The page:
Remix: Selections from the International Collage Center
In the Beitzel, Righter, and Project Galleries
June 30 – October 13, 2013
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Unlike other artistic practices, the palette of collage is infinite, utilizing sources from the quotidian to the precious. Collage is woven through the history of modern and contemporary art, and every material is permissible and ripe for reinterpretation. Collage artists reconstruct fragments from the “real” world into new realms that are simultaneously recognizable and wholly fantastical.
Remix features work created during the last 70 years by over 100 artists. It includes traditional forms of collage, and also presents unexpected approaches in a range of media. Exhibition themes include collage and the incorporation of text, collage as a form of social and political commentary, collage that challenges scale to spectacular effect, and collage in the digital age. Remix promises to expand and enrich public perceptions of this mutable medium.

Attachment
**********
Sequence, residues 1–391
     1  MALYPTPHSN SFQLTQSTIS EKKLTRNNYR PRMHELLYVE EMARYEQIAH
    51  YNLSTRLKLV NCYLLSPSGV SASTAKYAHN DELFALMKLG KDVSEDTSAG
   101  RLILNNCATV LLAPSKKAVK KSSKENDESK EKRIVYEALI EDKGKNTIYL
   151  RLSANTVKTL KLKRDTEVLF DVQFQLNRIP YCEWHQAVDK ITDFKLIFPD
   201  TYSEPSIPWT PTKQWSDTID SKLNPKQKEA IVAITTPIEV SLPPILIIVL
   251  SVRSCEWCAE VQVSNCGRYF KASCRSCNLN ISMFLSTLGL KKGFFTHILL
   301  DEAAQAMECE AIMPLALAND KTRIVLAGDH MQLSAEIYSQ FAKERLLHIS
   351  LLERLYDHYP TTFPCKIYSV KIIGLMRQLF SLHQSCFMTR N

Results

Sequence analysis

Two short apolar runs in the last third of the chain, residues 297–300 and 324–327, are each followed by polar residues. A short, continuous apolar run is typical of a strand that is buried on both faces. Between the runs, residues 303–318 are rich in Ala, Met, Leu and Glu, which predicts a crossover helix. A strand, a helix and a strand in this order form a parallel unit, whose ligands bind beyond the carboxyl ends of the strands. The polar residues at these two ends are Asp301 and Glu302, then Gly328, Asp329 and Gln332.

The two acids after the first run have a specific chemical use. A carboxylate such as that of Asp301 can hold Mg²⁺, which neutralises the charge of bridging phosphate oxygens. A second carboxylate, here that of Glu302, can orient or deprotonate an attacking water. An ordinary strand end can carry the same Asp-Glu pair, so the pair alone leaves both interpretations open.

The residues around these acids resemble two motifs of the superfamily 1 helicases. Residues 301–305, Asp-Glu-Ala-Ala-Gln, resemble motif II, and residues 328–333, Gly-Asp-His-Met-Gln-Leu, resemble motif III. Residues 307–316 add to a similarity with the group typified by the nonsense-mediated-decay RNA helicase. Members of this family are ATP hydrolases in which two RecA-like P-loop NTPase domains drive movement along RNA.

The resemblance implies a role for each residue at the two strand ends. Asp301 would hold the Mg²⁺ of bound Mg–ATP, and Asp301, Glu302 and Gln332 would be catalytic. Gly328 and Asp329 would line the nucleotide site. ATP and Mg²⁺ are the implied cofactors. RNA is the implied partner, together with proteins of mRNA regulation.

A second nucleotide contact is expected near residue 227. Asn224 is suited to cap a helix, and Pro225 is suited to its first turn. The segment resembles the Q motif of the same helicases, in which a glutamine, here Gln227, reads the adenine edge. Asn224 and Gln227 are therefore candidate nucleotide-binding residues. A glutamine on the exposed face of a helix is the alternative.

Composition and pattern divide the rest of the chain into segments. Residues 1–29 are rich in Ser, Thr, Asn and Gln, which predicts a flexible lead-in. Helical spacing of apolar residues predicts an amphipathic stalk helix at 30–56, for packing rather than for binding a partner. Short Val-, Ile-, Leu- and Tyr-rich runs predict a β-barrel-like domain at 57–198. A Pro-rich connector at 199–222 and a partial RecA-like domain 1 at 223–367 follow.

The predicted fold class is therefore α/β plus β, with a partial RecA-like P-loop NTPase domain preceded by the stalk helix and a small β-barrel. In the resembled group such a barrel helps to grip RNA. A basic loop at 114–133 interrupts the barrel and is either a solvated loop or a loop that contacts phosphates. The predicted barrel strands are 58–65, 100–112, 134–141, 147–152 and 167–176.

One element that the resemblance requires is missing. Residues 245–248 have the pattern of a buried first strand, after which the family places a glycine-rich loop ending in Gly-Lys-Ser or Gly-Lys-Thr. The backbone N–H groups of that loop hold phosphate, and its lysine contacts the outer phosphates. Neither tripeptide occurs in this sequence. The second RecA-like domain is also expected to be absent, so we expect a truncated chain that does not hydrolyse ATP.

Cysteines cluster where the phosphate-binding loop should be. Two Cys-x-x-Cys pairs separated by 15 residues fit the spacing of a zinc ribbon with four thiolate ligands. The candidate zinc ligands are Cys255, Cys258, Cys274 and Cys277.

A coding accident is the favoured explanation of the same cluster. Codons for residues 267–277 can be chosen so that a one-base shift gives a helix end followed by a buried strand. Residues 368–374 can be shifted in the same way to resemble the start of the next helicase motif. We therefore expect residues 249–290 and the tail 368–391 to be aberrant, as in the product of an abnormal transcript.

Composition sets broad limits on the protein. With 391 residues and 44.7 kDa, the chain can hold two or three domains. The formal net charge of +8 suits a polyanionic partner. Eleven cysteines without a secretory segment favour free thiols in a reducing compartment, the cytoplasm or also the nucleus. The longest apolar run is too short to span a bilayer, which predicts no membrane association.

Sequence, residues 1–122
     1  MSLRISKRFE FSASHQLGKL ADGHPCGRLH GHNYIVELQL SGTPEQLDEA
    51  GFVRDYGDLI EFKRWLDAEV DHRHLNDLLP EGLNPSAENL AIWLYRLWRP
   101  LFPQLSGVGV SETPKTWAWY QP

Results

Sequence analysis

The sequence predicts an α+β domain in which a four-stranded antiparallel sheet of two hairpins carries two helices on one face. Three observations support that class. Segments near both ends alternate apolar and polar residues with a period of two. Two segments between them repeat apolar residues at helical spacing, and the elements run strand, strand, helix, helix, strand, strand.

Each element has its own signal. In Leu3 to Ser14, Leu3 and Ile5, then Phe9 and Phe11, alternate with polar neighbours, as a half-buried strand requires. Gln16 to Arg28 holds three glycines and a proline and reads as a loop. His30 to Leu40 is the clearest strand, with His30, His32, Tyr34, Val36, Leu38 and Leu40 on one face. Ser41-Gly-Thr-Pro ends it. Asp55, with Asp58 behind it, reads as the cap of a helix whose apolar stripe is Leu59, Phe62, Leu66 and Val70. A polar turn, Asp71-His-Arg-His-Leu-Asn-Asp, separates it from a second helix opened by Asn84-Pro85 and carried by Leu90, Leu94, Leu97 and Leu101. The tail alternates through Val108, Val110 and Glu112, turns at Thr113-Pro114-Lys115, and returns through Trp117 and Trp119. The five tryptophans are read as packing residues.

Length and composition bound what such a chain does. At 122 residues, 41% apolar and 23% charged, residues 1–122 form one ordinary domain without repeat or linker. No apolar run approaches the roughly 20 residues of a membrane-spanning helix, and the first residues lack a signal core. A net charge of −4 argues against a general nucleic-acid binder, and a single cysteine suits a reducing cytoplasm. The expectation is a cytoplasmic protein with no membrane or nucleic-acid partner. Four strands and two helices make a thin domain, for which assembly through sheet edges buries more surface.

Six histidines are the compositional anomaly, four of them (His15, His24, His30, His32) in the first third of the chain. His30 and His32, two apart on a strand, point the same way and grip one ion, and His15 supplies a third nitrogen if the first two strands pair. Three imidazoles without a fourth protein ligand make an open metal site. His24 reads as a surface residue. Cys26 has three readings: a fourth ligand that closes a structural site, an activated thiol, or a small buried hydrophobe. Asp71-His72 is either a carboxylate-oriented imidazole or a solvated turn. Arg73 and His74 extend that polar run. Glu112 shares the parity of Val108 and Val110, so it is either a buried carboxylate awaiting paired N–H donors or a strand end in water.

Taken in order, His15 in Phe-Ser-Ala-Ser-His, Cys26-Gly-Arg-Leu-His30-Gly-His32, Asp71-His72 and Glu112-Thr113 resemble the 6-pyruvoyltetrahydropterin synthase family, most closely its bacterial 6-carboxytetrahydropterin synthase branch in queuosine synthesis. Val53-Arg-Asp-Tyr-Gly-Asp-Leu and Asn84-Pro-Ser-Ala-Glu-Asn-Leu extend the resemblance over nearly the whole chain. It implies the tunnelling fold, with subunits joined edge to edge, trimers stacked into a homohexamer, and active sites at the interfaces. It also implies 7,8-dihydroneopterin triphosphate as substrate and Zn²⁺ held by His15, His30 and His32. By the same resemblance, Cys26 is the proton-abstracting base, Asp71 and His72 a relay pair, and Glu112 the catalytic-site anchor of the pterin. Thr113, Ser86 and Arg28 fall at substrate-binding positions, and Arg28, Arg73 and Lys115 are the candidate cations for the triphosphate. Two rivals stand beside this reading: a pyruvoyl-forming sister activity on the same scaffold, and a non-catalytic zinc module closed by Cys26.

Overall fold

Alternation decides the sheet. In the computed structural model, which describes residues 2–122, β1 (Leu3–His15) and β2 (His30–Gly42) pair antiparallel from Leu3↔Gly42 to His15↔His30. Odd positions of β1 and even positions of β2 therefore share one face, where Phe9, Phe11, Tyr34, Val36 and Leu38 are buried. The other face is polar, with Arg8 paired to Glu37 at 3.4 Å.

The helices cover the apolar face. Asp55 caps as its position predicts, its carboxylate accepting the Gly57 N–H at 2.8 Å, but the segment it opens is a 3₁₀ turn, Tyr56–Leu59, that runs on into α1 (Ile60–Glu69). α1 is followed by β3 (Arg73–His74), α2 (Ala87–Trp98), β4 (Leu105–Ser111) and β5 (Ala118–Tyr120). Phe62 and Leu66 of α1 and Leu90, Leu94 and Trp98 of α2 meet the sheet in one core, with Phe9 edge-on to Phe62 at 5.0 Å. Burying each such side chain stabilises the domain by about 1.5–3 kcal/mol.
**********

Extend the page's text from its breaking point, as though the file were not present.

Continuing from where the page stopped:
Collage Art of Bryan Collier
In the Learning Center
June 30 – October 13, 2013
With a vibrant mix of watercolor and cut-paper images, picture book artist Bryan Collier creates important portraits celebrating the lives of historical figures such as Barack Obama, Booker T. Washington, and ex-slave John Parker. Collier’s striking images illustrate unforgettable stories of family love, a child’s pride in his home in Harlem, and the inspirational song “Lift Every Voice and Sing.” Winner of numerous awards, this passionate artist turns life’s everyday experiences into memorable visual journeys.
Andrea Lilenthal: Six Ladders
In the Sculpture Garden
Through April 2014
Andrea Lilienthal’s bamboo ladders span a realm between reality and fantasy. Their functional forms are immediately recognizable, yet their unexplained presence and playful patterns suggest something more. The ladders lean against the Museum’s enormous spruce trees in various positions and at different angles. Luscious colors wrap around the bamboo ladders like candy confections and their high-gloss surfaces contrast with the course-textured tree bark. Lilienthal’s ladders are not serviceable structures – their bottom rungs are too high to mount, and the ladders fail to reach the top of their intended destinations, which leads viewers to wonder “What are they being used for, and by whom?”
On the South Lawn
Through April, 2014
A pioneer in the resurgence of ceramic wood firing, Paul Chaleff is known for his colossal clay sculptures and vessels. Three large sculptural tiles positioned atop an outside wall complement Chaleff’s abstract sculpture set on the Museum’s front lawn. Stunning in scale, these ceramic pieces display a range of beautiful glazes.